U.S. Prison Handling of COVID-19 Called ‘Complete Disaster’
Kareen “Troy” Troitino spent July working in a prison medical facility just as coronavirus was surging through Miami’s Federal Correctional Institution, where the number of confirmed cases ballooned from a handful of prisoners to nearly 100 in days. Troitino, a corrections officer and union president, says that despite assurances, the Bureau of Prisons’ response to the coronavirus pandemic was endangering the lives of federal employees and prisoners alike, reports the Washington Post. “All of us are trying to survive,” Troitino said. “Your health affects me, and vice versa. Inmates and staff, we do not feel safe.” He is among federal workers suing the government for hazard pay over what they say are risky conditions they’re forced to work under during the pandemic. BOP Director Michael Carvajal has dismissed scrutiny of the bureau as “misinformation.”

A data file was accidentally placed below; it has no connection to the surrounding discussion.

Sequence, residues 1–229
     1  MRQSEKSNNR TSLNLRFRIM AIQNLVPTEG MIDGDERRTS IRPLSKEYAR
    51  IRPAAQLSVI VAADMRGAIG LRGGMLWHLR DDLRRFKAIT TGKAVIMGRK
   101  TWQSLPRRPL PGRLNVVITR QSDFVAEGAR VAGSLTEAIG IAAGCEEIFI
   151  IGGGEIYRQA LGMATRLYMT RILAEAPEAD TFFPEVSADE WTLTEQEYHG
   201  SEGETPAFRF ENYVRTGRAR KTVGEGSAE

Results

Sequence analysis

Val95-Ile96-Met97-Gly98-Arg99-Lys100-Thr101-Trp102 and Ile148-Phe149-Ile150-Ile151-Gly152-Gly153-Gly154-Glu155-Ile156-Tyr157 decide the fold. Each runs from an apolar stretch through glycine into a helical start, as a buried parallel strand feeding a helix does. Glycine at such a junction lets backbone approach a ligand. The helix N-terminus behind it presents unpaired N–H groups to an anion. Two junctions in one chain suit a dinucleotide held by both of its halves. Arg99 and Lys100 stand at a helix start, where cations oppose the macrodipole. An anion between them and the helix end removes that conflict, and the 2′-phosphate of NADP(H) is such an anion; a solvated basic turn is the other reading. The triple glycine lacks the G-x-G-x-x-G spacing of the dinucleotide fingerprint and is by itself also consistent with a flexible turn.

As of June 1, Carvajal said 1,650 federal inmates and 171 bureau staff had tested positive. Less than 12 weeks later, those numbers grew to 11,953 prisoners and 1,436 staff, with more than 120 combined deaths, says UCLA’s COVID-19 Behind Bars Data Project. Federal public defenders say COVID-19 is worse in federal than state prisons, says Prof. Brendan Saloner of Johns Hopkins Bloomberg School of Public Health, who is studying the issue. Interviews with federal prison employees, prisoners, lawyers and health and legal experts who monitor prisons show the ways by which the pandemic has exacerbated existing problems in federal prisons; they range from overcrowding and staff shortages to a lack of transparency around policies for personal protective equipment and testing. “It’s a complete disaster,” said Rob Norcross, a federal inmate in Georgia. The bureau’s stated guidelines about sanitization and social distancing don’t comport with reality, Norcross said: Prison camp inmates are barred from using hand sanitizer, lack cleaning supplies and have nowhere they can move to to create space.